It's usually not a good sign to see the word "restructuring" in a troubled company's press release.
But that's what microinverter and battery builder Enphase Energy announced yesterday, along with an 11 percent reduction in its 500-employee workforce and an additional offering of common stock underwritten by Oppenheimer & Co. Enphase expects cost savings programs "to result in approximately $20 million of annualized operating expense savings," according to the release.
Enphase share price dropped 20 percent on the news in after-hours trading.
Enphase maintained its third-quarter revenue guidance to be within a range of $87 million to $93 million. Fourth-quarter guidance was held at within a range of $90 million to $100 million, with gross margin in a range of 16 percent to 20 percent.
As we reported earlier this year, Enphase entered into a $25 million loan agreement with a lender specializing in "rescue financing" that furnishes capital "to avoid a restructuring or insolvency."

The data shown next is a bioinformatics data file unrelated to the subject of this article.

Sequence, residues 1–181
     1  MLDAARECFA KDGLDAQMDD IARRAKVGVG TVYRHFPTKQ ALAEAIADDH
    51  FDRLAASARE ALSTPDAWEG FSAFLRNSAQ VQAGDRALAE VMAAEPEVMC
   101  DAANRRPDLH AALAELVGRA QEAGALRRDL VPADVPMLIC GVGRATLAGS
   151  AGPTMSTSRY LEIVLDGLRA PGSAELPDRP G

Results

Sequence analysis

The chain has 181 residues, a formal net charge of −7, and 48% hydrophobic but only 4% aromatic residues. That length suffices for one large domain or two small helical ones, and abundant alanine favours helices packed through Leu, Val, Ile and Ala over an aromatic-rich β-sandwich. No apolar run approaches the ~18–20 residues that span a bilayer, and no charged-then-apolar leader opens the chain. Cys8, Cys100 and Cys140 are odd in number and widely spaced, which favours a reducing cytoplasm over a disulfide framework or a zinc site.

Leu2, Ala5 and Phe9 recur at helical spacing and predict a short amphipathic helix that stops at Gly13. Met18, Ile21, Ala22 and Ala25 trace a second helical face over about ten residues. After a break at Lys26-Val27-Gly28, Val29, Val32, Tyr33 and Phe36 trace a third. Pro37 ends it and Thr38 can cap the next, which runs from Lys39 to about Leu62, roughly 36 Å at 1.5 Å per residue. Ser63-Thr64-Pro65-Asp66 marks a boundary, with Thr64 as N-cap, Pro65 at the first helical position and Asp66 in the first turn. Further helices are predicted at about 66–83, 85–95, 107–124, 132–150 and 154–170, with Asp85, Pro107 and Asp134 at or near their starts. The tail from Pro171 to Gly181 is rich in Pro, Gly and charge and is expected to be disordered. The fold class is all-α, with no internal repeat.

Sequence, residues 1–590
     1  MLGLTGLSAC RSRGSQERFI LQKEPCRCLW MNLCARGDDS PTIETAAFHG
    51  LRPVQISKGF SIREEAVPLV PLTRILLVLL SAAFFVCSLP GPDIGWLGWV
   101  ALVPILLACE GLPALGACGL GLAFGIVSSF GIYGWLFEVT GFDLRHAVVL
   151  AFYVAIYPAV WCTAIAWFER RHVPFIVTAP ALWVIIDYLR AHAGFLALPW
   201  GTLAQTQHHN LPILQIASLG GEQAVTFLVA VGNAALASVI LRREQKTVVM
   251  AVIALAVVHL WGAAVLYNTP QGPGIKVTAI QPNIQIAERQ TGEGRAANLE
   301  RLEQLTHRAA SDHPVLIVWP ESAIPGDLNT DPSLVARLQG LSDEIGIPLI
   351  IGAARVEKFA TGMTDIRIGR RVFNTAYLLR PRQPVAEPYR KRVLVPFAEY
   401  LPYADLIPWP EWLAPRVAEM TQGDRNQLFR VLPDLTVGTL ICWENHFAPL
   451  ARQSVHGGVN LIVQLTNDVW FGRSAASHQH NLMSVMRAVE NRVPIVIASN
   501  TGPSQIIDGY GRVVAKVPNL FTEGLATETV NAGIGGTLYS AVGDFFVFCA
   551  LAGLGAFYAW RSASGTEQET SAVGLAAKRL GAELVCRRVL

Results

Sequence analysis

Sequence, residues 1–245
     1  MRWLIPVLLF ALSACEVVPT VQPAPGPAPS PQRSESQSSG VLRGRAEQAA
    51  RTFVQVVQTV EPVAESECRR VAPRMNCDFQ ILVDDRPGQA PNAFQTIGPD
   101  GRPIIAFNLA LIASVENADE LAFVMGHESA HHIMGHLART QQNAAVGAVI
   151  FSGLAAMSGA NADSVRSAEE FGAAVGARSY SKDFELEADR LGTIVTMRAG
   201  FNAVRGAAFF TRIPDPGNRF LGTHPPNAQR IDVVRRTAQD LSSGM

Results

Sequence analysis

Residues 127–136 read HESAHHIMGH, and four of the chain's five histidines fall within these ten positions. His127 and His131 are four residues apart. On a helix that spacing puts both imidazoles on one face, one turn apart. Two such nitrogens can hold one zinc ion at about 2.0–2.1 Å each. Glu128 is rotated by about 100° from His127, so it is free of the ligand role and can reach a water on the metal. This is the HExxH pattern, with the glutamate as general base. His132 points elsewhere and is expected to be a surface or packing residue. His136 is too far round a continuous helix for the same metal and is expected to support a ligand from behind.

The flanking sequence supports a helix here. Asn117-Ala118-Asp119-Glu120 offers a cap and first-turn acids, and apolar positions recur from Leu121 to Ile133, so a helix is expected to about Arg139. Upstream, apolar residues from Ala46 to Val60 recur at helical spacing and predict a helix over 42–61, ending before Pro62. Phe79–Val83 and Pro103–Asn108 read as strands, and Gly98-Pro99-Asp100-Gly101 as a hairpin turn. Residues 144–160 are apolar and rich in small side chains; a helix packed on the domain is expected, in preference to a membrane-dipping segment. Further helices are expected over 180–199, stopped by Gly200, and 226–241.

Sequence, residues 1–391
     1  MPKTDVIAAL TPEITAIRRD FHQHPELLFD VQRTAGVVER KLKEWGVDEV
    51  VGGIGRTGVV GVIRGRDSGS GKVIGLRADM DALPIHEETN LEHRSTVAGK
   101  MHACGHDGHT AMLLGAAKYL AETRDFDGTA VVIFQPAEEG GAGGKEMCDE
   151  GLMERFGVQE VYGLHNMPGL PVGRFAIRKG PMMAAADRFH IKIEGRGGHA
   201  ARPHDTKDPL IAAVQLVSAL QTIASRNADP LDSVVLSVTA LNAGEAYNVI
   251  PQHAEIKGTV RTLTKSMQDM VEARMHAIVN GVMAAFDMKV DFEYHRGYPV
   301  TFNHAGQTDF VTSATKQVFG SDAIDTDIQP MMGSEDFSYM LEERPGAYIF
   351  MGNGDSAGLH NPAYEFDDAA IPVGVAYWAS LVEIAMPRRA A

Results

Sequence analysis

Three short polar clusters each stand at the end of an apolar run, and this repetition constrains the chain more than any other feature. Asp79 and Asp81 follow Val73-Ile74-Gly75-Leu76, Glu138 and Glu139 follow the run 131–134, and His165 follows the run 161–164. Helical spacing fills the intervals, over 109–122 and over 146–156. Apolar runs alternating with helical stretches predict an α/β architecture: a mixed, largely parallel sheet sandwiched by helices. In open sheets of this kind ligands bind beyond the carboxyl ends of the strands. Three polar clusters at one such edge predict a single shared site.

Despite helping to forge an industry for module-level power electronics, Enphase has found itself undercut on price by string inverters and SolarEdge's optimizer architecture. Battered by continuing quarterly losses as it fights to maintain market share, Enphase is betting it all on the short-term growth of the energy storage market -- and its own ability to develop a next-generation microinverter that's markedly smaller, cheaper and more profitable.
Enphase is also putting a lot of faith in the growth of the Australian energy storage market. CEO Paul Nahi told GTM's Jeff St. John, "We have preorders for 70,000 of our battery and energy management systems in Australia alone."
According to GTM Research's U.S. PV Leaderboard, module-level power electronics -- including microinverters and DC optimizers -- have held a steady 55 percent market share so far in 2016.
Scott Moskowitz, GTM Research's PV inverter analyst, notes, "Enphase continues to face a number of financial and market challenges, and today's announcement is the latest step in dealing with the realities of its position. Overall, Enphase continues to maintain a significant share of the U.S. residential inverter market. Though growth has slowed in the U.S. residential market overall, ongoing adoption of the 2014 version of the National Electrical Code will continue to be an opportunity for Enphase. In January 2017, California will adopt this version of the code, which encourages the use of module-level power electronics due to their shutdown capabilities."
Preliminary numbers from the GTM Research U.S. PV Leaderboard position Enphase with a 24 percent market share of U.S. residential solar in Q2, slightly up from 22 percent in Q1.